C-suite perspectives: As leaders embark on preparing their workforces for using AI, ethical guidelines and policies guide their decisions

by | Mar 13, 2024 | Public Relations

The AI trend of 2023 was reckless productivity—businesses were so eager to boost output that many rushed to deployment with little knowledge of how they would put the tech to work for them. Despite cries for responsible use, many were willing to take some big risks in order to not fall behind the fast-moving trend. But new Deloitte research suggests that negligent mindset may be ebbing—among executives surveyed, publishing clear policies and guidelines was ranked the most effective method of communicating AI ethics to the workforce, followed by workshops and trainings.

The firm’s new study, Preparing the Workforce for Ethical, Responsible, and Trustworthy AI: C-Suite Perspectives, which outlines corporate priorities and actions to harness AI’s benefits while maintaining trust and equitable outcomes, also shows that C-level execs associate the highest importance of ethical guidelines for emerging tech with revenue growth (55 percent), followed by brand reputation and marketplace trust (47 percent).

ethical AI guidelines

The study from Deloitte’s Technology Trust Ethics practice surveyed 100 C-level executives to understand how their organizations develop ethical AI principles, and how they inform and educate their workforces about AI ethics.

“At every step, the creation or use of emerging technologies like AI present an opportunity to ensure we’re positively advancing a more equitable and prosperous world,” said Kwasi Mitchell, chief purpose and DEI officer at Deloitte US, in a news release. “Organizations certainly play a critical role in the responsible adoption and implementation of AI, and I’m encouraged by the inputs we’re seeing from C-level leaders to prioritize ethical awareness, training and use so we can collectively produce better outcomes for our businesses and people as a result.”

ethical AI guidelines

Additional key findings include:

Among C-level executives surveyed, 86 percent say their organizations have either implemented ethics policies and guidelines or are about to do so

Almost half of respondents (49 percent) report their organizations currently have guidelines or policies in place regarding the ethical use of AI, and another 37 percent said they are nearly ready to roll policies out.

Boards of directors are involved in creating AI ethics policies as often as ethics officers

Respondents indicated that boards of directors (52 percent) and chief ethics officers (52 percent) are always involved in creating policies and guidelines for the ethical use of AI.  

Organizations are reskilling and making corporate acquisitions to prepare their labor force for AI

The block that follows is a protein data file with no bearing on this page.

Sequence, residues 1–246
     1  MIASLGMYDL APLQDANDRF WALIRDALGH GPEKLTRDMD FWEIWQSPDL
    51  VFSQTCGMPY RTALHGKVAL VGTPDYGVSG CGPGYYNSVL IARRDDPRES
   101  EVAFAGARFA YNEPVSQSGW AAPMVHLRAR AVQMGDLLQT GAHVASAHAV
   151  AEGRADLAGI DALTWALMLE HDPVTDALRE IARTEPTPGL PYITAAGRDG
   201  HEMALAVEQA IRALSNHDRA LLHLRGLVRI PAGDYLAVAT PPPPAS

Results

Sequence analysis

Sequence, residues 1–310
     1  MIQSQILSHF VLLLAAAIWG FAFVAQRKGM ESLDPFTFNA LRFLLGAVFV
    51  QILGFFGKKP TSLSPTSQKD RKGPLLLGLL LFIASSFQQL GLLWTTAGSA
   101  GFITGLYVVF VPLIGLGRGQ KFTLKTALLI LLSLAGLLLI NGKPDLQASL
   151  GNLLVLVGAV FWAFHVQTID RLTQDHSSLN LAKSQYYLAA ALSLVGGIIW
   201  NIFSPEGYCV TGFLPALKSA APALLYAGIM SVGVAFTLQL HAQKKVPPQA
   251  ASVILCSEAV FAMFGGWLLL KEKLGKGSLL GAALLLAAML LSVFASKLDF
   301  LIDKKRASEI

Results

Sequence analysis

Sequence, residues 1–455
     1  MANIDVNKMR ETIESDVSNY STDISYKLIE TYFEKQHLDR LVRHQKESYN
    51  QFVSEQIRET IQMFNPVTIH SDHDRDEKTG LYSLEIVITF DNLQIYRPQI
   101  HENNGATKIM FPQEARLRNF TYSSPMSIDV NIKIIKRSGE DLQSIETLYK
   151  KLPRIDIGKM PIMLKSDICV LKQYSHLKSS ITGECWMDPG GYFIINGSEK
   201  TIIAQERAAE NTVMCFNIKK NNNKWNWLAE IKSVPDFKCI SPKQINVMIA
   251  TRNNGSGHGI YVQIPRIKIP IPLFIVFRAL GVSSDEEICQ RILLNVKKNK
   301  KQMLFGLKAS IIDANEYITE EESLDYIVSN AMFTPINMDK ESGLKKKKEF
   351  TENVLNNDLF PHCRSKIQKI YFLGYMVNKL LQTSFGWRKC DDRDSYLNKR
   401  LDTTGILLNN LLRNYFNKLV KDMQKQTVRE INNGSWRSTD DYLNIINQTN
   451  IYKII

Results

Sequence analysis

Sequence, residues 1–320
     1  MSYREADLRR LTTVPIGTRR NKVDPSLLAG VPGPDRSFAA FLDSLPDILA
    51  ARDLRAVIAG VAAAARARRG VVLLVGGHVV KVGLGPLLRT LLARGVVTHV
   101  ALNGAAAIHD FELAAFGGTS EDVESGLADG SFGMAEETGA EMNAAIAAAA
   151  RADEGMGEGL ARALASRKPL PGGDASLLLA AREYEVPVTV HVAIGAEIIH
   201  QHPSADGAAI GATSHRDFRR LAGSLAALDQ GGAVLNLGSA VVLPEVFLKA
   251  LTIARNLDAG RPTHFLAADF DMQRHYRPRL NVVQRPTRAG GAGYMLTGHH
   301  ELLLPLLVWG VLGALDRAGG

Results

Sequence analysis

Enterprises are actively training and upskilling their workforces (45 percent), acquiring organizations with AI capabilities and skills (45 percent) and hiring for AI (44 percent) to prepare their employees for the integration of AI—and roughly an additional 40 percent say they are close to ready to do the same.

Ethics researchers and specialists are sought out more than ethics officers

More executives surveyed said their organizations are currently hiring or planning to hire for positions including AI ethics researchers (53 percent), compliance specialists (53 percent), and technology policy analysts (51 percent) than C-suite roles such as a chief ethics officer (38 percent) or chief trust officer (36 percent).

ethical AI guidelines

“As organizations increase their use of AI, the survey indicates that the C-suite is highly aware of the need to provide comprehensive ethics trainings in tandem to prepare their labor force,” said Beena Ammanath, US technology trust ethics leader at Deloitte LLP, in the release. “Companies’ concurrent strategies—upskilling their own employees, hiring for new roles and even acquiring companies that have existing AI capabilities—demonstrate they recognize the immense possibility that only the human element can generate from AI.”

Download the full report here.

For the study, Deloitte surveyed 100 executives and was conducted online by an independent research company between Jan. 17 and 22, 2024. Respondents represented C-level, president, board member and partner/owner roles at companies in the U.S.

The survey is a follow-up to Deloitte’s State of Ethics and Trust in Technology annual report that assessed if and how ethical standards are being applied to emerging technology.

Richard Carufel
Richard Carufel is editor of Bulldog Reporter and the Daily ’Dog, one of the web’s leading sources of PR and marketing communications news and opinions. He has been reporting on the PR and communications industry for over 17 years, and has interviewed hundreds of journalists and PR industry leaders. Reach him at richard.carufel@bulldogreporter.com; @BulldogReporter


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